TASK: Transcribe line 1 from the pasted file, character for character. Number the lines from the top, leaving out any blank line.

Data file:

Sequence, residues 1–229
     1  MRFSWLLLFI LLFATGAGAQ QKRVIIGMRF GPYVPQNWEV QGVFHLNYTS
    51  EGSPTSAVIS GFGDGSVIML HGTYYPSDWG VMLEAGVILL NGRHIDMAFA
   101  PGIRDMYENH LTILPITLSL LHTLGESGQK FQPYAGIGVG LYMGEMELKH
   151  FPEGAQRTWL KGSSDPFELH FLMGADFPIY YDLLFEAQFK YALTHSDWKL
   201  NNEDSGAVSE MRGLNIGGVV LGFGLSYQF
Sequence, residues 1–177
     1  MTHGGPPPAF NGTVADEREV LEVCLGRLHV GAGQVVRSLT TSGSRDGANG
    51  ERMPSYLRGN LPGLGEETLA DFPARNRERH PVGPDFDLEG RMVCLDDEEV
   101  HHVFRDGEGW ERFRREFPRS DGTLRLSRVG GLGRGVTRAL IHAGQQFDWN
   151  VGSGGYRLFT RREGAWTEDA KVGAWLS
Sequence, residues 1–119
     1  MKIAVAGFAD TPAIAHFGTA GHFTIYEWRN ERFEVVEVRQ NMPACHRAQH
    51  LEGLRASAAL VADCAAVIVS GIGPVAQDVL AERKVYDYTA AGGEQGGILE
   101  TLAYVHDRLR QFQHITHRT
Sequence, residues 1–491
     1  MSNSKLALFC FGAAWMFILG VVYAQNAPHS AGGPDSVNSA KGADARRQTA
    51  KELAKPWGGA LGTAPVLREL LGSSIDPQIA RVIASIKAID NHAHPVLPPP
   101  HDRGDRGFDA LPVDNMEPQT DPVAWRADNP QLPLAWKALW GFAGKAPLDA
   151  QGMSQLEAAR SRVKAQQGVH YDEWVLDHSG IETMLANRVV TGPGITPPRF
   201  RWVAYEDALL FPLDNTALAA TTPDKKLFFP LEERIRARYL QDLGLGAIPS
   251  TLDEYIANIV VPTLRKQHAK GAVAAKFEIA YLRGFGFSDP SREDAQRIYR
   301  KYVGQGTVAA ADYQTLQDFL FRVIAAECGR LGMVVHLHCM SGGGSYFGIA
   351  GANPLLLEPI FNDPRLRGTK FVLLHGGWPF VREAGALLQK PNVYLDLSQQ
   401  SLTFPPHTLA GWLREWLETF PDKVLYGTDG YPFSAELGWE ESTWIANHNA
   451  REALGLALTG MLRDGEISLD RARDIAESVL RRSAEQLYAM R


Sequence, residues 1–229